Rethinking Education Post-Coronavirus: Lessons from Spain to Avoid Widening the Socioeconomic Achievement Gap

By Ana Capilla, Organización de Estados Iberoamericanos (OEI) and UFV; Jorge Sainz, Universidad Rey Juan Carlos (URJC), Madrid (Spain) and IPR (University of Bath, UK); and Ismael Sanz, URJC, Madrid (Spain)

In a recent post, UNESCO reminded us of the similarity between the learning challenges that fourteenth century societies confronted during the Black Death and the current COVID-19 pandemic. Back then, as William Courtenay remembers, the plague helped develop new ways of teaching and the beginning of the substitution of Latin with popular languages as vehicles to communicate science. Just as that global pandemic marked the beginning of a new world in education, so could the current one if policymakers respond thoughtfully to this education crisis.

School closures are happening all over the world and learning is being disrupted. At the time this post was written, more than 1.5 billion learners have been displaced – more than 91% of all students. Those few countries where schools have remained open are moving towards a total lockdown as an important response to contain the spread of COVID-19. Beyond these numbers, however, countries face many risks to recent gains in education opportunities, especially for students from vulnerable families.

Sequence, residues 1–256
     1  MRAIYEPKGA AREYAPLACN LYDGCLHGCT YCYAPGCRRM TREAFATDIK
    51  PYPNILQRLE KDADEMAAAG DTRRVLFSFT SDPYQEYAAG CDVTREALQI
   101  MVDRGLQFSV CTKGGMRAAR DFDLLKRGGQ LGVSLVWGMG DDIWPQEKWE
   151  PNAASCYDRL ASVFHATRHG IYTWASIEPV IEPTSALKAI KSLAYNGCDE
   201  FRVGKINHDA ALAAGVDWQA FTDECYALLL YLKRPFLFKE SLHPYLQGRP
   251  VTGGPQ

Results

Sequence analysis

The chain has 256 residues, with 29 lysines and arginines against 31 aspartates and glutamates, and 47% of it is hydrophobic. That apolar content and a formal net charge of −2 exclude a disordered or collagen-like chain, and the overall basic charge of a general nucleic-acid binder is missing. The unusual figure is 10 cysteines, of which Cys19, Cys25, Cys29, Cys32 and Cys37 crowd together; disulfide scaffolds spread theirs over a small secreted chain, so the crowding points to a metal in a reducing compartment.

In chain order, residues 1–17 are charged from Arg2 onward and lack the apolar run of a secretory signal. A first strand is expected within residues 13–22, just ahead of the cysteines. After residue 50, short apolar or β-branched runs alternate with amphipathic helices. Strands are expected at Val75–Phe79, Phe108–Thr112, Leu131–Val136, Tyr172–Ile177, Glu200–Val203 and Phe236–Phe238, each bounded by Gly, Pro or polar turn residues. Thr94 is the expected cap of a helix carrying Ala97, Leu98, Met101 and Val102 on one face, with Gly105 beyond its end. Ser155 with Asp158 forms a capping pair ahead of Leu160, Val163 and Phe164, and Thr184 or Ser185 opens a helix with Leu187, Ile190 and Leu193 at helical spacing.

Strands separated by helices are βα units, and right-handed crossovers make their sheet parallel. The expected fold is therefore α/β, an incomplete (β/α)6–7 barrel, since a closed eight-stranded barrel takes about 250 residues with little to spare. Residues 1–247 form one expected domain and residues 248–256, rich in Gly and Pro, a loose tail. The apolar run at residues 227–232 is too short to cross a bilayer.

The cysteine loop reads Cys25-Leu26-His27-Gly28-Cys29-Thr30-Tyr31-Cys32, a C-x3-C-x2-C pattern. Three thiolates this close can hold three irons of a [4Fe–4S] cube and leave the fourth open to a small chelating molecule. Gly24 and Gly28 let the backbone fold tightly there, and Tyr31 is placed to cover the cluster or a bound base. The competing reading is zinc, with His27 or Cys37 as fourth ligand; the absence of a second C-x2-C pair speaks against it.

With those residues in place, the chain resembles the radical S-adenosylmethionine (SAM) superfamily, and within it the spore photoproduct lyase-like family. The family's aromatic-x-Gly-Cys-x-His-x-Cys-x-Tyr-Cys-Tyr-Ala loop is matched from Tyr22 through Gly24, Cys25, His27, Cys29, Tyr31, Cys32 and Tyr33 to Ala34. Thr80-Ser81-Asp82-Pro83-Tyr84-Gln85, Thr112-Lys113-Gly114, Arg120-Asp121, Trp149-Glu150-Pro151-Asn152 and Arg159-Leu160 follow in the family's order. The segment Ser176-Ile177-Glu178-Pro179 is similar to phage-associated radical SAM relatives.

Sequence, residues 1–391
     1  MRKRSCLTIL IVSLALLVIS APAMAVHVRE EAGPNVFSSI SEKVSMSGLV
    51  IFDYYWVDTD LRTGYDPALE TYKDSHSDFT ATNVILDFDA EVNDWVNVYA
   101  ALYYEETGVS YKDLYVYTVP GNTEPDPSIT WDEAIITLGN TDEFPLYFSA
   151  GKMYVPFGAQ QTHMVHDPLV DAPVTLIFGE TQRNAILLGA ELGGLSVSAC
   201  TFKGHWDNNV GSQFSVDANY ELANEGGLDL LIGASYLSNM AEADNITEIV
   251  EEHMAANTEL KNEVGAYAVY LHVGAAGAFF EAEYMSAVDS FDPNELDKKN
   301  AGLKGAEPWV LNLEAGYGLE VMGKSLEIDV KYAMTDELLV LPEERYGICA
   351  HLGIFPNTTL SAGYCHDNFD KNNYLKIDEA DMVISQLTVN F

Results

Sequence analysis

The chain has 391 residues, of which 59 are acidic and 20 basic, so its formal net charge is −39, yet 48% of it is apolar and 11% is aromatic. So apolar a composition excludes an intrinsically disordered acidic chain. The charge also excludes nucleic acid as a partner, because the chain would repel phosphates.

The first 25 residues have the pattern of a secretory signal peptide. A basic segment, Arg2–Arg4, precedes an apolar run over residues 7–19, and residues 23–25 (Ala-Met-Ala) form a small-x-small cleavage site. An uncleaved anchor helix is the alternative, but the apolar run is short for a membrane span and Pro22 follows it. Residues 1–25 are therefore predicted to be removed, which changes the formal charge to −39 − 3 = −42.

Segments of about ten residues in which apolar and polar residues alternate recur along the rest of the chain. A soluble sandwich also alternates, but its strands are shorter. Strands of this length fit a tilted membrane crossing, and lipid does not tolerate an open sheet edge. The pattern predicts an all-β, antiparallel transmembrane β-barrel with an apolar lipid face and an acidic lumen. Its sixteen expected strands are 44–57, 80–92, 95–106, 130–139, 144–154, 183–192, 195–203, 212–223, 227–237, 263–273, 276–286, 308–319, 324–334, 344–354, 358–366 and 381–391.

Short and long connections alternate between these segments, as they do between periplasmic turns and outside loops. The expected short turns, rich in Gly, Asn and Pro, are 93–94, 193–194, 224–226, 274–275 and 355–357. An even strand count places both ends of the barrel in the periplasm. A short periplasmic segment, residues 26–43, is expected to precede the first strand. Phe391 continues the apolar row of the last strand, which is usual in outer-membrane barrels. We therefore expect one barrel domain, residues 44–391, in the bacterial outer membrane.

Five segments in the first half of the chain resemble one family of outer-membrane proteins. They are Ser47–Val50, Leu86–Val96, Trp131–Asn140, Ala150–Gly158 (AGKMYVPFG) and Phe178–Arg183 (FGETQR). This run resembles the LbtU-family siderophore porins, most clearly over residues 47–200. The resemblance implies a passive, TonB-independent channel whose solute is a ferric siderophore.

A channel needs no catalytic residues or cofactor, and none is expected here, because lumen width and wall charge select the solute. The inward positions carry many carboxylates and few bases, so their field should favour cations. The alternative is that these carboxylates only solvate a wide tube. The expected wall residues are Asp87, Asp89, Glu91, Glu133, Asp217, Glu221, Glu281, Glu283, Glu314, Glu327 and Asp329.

In a recent OEI report, we reviewed the empirical evidence of the impact of school closures on educational attainment. We surmise, based on the estimates from experiences of previous crises throughout history, that the effect of school closures from the official Declaration of Alarm in Spain (March the 15th) for this academic year will reduce the instructional time of a regular course by about 30%. In terms of OECD’s Programme for International Student Assessment (PISA), this reduction is the difference between Spain and the OECD average (8 points).

The solution is not without challenges

Yet, these findings need not define the final outcome of this pandemic. For the first time in history, we have a tool that may serve as a large-scale remedy for the loss of classroom-based education and enable the continuity of learning programmes: distance learning. Since the beginning of the closures, educational authorities across the world are turning to distance teaching and learning where possible, but there are several notable challenges to this policy.